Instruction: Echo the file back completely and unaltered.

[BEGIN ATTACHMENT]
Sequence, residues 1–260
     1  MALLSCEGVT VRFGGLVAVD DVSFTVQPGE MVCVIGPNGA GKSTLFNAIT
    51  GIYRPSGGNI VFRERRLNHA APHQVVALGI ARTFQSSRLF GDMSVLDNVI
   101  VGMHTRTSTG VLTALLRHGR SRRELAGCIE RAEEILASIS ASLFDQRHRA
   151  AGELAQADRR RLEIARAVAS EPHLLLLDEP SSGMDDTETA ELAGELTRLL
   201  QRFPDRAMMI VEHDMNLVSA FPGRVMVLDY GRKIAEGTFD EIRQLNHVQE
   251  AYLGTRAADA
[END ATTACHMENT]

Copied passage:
Sequence, residues 1–260
     1  MALLSCEGVT VRFGGLVAVD DVSFTVQPGE MVCVIGPNGA GKSTLFNAIT
    51  GIYRPSGGNI VFRERRLNHA APHQVVALGI ARTFQSSRLF GDMSVLDNVI
   101  VGMHTRTSTG VLTALLRHGR SRRELAGCIE RAEEILASIS ASLFDQRHRA
   151  AGELAQADRR RLEIARAVAS EPHLLLLDEP SSGMDDTETA ELAGELTRLL
   201  QRFPDRAMMI VEHDMNLVSA FPGRVMVLDY GRKIAEGTFD EIRQLNHVQE
   251  AYLGTRAADA